The awards ceremony for the so-called âNobel Prize of Artsââthe 29th PrÃ¦mium Imperiale International Arts Award in honor of Prince Takamatsuâwas held on Wednesday, October 18th, at the Meiji Kinenkan (Moto-Akasaka, Tokyo), in the presence of His Imperial Highness Prince Hitachi.
This yearâs awards feature two African laureates, Senegalese musician Youssou NâDour and Ghanaian sculptor El Anatsui, who are both the first from their respective countries to receive the award. An African vibe is being felt throughout the art world.
In a video message played at the award ceremony, Prime Minister Shinzo Abe conveyed his congratulations, saying: âGreat art crosses borders and time, laying the foundations for peace through empathy and mutual understanding. I commend your tireless efforts.â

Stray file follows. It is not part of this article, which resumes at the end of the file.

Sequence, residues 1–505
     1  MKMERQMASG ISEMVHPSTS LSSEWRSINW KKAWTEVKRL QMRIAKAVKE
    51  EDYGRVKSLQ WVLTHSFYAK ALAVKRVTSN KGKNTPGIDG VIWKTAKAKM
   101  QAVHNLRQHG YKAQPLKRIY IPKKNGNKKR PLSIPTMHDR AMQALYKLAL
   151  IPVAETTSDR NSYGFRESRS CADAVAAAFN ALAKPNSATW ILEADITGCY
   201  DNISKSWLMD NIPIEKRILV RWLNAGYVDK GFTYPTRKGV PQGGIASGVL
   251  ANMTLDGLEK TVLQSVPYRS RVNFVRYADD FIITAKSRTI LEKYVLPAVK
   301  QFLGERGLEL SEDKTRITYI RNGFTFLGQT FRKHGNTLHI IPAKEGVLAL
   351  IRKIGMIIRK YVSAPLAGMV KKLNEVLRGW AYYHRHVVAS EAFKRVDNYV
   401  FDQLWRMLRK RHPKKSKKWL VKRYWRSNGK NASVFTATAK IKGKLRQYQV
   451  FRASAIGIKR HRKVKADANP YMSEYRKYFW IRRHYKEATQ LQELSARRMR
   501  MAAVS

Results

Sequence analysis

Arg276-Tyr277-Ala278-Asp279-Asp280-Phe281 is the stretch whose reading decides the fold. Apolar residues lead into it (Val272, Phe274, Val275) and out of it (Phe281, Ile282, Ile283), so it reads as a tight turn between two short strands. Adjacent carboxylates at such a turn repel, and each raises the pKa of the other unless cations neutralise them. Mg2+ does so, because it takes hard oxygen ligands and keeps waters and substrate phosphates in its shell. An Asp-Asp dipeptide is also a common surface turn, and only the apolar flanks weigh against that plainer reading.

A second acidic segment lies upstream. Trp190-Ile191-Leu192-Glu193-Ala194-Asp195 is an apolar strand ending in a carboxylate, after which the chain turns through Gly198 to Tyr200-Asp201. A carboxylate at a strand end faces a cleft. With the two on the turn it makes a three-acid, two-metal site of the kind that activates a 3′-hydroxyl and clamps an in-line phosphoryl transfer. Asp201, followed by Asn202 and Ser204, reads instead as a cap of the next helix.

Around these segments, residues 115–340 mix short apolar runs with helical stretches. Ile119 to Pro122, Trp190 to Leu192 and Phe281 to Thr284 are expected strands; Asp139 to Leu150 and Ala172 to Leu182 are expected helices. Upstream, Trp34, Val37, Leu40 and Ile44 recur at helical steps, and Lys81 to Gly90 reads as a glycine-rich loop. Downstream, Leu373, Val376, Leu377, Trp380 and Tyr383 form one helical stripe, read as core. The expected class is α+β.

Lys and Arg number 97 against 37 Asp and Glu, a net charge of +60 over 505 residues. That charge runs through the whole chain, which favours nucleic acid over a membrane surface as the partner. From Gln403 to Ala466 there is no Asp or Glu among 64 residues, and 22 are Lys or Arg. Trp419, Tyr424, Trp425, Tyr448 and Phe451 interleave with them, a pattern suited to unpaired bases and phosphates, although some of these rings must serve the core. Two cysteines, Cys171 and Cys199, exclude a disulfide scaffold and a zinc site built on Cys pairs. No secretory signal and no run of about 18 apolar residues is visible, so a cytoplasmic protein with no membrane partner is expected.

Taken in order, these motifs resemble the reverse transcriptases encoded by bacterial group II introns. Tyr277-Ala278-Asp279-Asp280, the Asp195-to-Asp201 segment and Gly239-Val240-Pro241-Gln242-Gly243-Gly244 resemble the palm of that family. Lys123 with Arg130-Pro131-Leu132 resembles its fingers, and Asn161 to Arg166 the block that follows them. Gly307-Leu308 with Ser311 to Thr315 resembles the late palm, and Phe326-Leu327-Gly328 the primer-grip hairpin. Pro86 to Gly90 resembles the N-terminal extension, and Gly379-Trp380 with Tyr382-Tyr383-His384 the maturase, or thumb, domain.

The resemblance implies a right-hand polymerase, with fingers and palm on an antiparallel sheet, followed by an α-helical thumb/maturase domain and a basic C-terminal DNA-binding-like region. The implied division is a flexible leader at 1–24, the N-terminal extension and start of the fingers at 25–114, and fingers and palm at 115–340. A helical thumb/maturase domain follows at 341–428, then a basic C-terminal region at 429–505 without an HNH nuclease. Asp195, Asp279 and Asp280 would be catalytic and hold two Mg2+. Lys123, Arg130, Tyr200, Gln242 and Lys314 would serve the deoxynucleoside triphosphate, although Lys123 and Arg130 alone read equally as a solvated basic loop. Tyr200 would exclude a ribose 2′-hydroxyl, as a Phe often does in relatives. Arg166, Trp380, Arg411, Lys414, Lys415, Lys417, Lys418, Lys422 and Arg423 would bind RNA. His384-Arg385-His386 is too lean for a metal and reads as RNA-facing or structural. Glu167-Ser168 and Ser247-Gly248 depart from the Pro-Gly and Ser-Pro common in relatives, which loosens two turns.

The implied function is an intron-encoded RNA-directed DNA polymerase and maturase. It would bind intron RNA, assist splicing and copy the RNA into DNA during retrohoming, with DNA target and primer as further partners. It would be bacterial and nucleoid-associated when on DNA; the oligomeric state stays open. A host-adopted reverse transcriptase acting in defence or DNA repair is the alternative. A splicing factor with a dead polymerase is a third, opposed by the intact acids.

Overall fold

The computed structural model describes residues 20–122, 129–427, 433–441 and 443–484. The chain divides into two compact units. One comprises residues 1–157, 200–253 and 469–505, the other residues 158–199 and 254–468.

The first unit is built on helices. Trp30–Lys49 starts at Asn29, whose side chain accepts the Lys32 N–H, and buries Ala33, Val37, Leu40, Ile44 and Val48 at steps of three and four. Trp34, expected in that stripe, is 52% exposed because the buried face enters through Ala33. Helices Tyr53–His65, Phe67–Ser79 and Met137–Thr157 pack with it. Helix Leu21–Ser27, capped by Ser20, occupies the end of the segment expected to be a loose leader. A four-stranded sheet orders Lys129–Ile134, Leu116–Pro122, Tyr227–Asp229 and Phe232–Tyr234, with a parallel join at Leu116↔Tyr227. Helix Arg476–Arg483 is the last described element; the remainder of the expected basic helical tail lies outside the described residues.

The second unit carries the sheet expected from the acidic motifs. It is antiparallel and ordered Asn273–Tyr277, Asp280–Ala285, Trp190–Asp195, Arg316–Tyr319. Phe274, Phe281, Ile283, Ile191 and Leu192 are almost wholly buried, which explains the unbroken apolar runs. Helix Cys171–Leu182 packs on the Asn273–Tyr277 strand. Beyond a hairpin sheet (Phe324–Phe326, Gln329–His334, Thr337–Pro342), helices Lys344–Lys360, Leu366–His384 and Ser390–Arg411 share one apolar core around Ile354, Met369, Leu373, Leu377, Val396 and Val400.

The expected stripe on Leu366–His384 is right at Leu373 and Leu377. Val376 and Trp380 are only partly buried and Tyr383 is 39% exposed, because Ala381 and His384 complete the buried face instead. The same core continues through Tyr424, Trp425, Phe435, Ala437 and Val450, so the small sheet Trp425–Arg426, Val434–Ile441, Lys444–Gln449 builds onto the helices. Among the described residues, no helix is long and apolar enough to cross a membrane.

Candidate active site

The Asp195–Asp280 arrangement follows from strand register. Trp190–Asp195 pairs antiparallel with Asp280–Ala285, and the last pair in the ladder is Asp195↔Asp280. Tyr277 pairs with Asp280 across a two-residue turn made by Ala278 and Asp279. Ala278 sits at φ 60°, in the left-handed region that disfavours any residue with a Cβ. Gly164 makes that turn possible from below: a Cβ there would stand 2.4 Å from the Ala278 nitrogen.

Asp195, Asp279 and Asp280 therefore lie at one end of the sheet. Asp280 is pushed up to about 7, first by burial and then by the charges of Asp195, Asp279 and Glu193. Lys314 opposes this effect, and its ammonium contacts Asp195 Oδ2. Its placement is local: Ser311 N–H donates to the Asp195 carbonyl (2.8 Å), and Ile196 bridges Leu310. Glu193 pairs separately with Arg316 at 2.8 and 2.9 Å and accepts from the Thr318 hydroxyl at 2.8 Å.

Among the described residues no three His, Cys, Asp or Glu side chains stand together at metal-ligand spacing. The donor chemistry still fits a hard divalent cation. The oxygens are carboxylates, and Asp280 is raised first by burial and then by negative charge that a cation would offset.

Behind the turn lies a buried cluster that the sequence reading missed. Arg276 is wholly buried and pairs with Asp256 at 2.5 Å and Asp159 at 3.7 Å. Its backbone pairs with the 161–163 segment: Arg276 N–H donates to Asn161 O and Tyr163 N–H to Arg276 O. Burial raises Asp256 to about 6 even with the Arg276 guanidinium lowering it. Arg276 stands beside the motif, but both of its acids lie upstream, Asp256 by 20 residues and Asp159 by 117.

Ballet dancer Mikhail Baryshnikov said: âHumans always create tumultuous and confusing times, never more so than the current one. I am so proud to be one of the laureates, in a time when the arts are more important than ever.â
NâDour also expressed gratitude, saying: âDifference is not an impediment; in fact, it is the font of prosperity. Today, I am so delighted to be able to show that Africa has always existed.â
250 guests from the world of culture and the arts joined the five laureates at the award ceremony reception. NâDourâs performance of two of his original compositionsââWithout a Smileâ and âAfrica Dream Againââwas met with generous applause and praise.
A member of the audience captured the mood those songs brought to the evening: âIt makes me feel hopeful toward the future.â
(Click here to read the Sankei Shimbun’s article in Japanese.)